Thinking small but smart at the Deadline
Three players who could help contenders in important ways
It's that time of year -- the time when fans await the latest news updates about their favorite teams the way they look forward to Christmas morning. It's the time when clubs decide to pull the trigger on risky deals, mortgaging their future in order to gain an upper hand over the final two months of the regular season, and hopefully in October as well.
Some clubs are shooting for the stars, and sometimes it works out. Sometimes you land Danny Haren, like the Angels did. More often, though, the big moves don't pan out. The grand dreams don't end up being realized, and instead, contending clubs make smaller moves. With that in mind, what follows is a look at three moves that contending clubs could make to bolster their chances of playing and winning in October, ideally without breaking the bank as far as talent or cash.
It should be obvious before long that this isn't intended to be a comprehensive look at Saturday's non-waiver Trade Deadline. Rather, it's an examination of a few particular cases, which might illuminate some other clubs' situations as well.
White Sox: Kelly Johnson
The White Sox seem to be focused on a basher, but it's not really what they need. They need a table-setter. Chicago hits plenty of home runs. The problem is outs; White Sox hitters just don't get on base nearly enough, so they end up hitting solo homer after solo homer.
Thus, Johnson fits the Sox in just about every way. For most of his career -- not just in this, a career season he's having for the D-backs -- he's gotten on base at a good clip -- save for his disastrous '09 season that ended his tenure in Atlanta. His left-handed bat would provide much-needed balance in a heavily right-handed Chicago lineup. The Sox's current second baseman, Gordon Beckham, just isn't getting the job done offensively. And it's hard to imagine the Snakes, who traded Haren on Sunday, won't continue to be sellers over the next few days.
If in fact the Diamondbacks are going to be sellers between now and Saturday, they have a number of intriguing players to offer. Shortstop Stephen Drew could be a great fit in St. Louis, catcher Miguel Montero has drawn a great deal of interest in the past, and there's reportedly even some interest in reliever Chad Qualls. But Johnson looks like the best fit for the White Sox -- even if it means buying high on a player enjoying a career year. He'd be a significant upgrade at a position of weakness, while also addressing Chicago's largest club-wide offensive issue.
In fairness, a player such as Prince Fielder or Adam Dunn would also address the OBP issue for the Sox while simultaneously providing even more power. But Johnson might come cheaper than those players, and his defensive versatility would be a plus as well. Still, it seems the Sox aren't looking at table-setters, but instead at thumpers.
"Same list. Same targets," general manager Ken Williams told reporters recently.
Phillies: Jake Westbrook
The Phils need an awful lot, truth be told. What they don't really need is the one thing they appear to be chasing: a front-of-the-rotation starter.
Actually that's not entirely fair, because pretty much every team in baseball could use Roy Oswalt for the right price. The problem for the Phillies is that they're not one move away from where they need to be. They're several. Their offense has aged drastically. Their bullpen remains a question mark. And the rotation is about two pitchers deep.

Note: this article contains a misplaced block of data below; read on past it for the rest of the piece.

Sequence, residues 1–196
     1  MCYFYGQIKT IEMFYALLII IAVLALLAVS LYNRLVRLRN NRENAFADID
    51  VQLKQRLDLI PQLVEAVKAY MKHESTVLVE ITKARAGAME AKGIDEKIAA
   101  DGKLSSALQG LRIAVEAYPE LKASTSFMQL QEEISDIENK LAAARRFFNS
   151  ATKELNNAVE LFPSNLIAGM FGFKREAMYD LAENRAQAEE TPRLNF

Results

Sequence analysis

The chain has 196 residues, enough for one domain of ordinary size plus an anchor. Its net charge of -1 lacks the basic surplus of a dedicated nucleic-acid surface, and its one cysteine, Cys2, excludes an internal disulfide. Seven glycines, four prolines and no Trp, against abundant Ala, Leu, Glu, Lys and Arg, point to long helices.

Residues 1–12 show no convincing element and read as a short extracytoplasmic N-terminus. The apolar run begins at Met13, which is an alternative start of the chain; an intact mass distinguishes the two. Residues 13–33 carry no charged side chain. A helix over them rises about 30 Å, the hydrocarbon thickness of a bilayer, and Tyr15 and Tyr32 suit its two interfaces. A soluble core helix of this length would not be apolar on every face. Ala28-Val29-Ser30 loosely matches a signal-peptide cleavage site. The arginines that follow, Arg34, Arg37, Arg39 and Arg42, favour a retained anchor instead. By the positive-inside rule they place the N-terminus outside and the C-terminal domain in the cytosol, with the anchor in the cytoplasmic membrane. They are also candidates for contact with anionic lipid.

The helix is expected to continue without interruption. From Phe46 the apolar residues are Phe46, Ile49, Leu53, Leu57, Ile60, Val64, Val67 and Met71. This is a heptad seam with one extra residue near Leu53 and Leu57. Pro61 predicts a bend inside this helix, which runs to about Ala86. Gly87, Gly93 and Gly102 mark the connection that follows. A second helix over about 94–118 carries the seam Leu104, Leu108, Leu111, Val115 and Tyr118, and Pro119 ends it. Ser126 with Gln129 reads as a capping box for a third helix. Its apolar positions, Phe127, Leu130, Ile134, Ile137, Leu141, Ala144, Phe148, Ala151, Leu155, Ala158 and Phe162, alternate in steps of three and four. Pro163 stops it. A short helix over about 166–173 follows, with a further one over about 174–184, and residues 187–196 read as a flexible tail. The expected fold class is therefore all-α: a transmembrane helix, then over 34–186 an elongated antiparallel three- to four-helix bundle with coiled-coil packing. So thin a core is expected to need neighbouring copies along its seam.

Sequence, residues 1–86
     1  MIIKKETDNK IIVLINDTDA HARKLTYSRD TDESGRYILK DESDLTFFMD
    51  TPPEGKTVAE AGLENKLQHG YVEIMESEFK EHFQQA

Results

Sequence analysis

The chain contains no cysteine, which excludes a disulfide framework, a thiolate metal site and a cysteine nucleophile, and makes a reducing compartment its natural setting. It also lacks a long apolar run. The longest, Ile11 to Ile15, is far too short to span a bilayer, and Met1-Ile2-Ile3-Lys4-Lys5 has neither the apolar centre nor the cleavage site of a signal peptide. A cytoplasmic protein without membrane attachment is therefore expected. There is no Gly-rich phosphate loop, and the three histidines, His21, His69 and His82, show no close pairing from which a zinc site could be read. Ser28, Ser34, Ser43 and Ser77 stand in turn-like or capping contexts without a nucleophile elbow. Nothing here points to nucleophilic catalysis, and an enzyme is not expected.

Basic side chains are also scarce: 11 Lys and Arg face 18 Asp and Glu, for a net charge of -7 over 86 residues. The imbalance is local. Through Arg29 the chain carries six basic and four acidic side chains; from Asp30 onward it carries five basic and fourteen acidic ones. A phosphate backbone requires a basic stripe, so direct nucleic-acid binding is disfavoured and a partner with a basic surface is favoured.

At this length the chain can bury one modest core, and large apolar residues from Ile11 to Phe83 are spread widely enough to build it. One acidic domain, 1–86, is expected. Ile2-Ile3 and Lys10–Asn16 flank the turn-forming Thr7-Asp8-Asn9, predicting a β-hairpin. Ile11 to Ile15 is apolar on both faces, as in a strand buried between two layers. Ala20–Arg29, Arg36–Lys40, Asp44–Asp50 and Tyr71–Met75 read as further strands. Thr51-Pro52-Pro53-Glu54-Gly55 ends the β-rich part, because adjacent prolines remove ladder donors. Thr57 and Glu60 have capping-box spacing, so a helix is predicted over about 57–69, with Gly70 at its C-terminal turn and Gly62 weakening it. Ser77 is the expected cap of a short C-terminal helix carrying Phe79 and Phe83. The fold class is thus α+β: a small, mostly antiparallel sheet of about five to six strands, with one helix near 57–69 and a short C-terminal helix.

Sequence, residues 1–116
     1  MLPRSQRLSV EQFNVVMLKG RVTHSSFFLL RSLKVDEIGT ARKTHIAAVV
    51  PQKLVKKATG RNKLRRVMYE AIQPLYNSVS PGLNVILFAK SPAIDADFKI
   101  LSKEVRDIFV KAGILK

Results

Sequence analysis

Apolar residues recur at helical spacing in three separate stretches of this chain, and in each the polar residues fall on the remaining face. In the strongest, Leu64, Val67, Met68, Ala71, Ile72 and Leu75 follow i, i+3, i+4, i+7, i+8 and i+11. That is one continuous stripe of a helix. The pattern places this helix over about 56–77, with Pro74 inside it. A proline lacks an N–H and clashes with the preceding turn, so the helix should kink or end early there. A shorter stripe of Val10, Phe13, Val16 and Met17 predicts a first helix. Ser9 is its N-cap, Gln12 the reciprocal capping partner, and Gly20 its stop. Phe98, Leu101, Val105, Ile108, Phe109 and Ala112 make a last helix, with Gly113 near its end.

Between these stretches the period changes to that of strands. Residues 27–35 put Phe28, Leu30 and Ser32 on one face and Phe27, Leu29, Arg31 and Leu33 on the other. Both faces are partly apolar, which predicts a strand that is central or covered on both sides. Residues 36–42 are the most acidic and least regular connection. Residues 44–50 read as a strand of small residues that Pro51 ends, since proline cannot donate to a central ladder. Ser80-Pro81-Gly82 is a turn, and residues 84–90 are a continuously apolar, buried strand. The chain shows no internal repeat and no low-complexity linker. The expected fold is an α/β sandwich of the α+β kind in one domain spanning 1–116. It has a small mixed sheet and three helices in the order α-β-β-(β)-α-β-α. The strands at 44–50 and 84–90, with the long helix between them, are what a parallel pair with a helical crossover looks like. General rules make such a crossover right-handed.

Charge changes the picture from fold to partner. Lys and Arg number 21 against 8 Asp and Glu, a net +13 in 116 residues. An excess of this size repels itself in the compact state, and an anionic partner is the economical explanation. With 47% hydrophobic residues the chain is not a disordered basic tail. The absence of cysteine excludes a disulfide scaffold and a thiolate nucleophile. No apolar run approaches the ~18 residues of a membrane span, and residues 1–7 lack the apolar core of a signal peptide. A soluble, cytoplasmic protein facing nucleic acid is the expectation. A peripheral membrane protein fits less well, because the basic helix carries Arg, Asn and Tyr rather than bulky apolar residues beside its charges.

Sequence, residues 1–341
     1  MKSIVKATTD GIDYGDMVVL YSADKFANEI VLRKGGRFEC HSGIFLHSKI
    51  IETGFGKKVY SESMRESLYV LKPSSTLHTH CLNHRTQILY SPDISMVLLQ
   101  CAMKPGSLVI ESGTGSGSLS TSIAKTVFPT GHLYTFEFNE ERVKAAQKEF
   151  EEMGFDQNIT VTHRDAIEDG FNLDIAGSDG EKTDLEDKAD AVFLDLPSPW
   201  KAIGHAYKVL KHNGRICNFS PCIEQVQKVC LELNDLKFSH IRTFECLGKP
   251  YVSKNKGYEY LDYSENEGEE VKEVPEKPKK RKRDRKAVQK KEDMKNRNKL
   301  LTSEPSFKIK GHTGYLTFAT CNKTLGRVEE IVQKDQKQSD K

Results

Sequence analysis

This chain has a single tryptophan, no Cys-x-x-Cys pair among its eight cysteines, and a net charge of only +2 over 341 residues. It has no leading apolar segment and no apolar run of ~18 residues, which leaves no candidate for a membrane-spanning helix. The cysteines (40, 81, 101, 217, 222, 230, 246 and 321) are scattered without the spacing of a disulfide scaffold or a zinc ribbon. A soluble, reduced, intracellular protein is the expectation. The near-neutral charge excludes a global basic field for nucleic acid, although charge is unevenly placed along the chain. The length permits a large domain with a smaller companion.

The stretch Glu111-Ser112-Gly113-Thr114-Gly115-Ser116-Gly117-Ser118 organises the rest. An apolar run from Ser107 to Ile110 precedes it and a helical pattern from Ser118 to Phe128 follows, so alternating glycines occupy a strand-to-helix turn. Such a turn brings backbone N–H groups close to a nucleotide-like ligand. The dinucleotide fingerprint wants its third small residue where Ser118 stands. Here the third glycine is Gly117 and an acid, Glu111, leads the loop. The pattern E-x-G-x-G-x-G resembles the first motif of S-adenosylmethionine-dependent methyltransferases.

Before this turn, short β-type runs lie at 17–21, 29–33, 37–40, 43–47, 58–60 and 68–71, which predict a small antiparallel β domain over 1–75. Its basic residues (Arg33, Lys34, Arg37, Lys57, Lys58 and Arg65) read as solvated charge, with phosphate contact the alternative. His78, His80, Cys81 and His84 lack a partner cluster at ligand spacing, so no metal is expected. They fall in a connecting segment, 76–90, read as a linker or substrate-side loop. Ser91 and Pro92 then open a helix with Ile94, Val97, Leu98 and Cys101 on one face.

It's that last thing that can be fixed. As an alternative to pursuing a single big name, the Phillies might well be better served by aiming for a couple of starters at more modest price tags. By most accounts, plenty such pitchers are available: Westbrook and Fausto Carmona of the Indians, Brian Bannister from Kansas City and Jeremy Guthrie from Baltimore are just some of the examples. Westbrook and Carmona in particular would represent upgrades over what the Phils are trotting out there three out of five days right now, and it would likely cost less in talent to acquire two solid pitchers than one ace.
Reds: Octavio Dotel
The Reds are an interesting team in an interesting position. They don't have a lot of gaping holes, save possibly for the massive offensive struggles of shortstop Orlando Cabrera. They're scoring tons of runs even with several regulars having only so-so offensive seasons. They have plenty of starting pitching depth. They even have two good relievers having good years at the back of their bullpen in Francisco Cordero and Arthur Rhodes.
A team like this is a tough one to upgrade. It's always easier to fix a team with major strengths and major weaknesses, as opposed to one that's pretty good in most facets. Moreover, as compared to some contenders, Cincinnati might not be best served by a win-now approach. It remains something of an open question just how good this club is, and a single major upgrade might not be worth selling the farm to make happen.
"I'm talking to clubs to see who's available," general manager Walt Jocketty told MLB.com on Friday. "I'm not close to anything, but a lot can happen this week as the deadline gets closer."
But there are always right-handed relievers on the market. This year, Dotel is one of the best, and he's playing for a team, the Pirates, that knows its best bet is to sell. Dotel is having his typical season, with boatloads of strikeouts, a few too many walks and an enormous platoon split. Dotel obliterates right-handed hitters, of which the Cardinals have many. Dotel would not be much more than a tactical move, but that means he also would not require the kind of talent outlay that a major move would.
Matthew Leach is a reporter for MLB.com. This story was not subject to the approval of Major League Baseball or its clubs.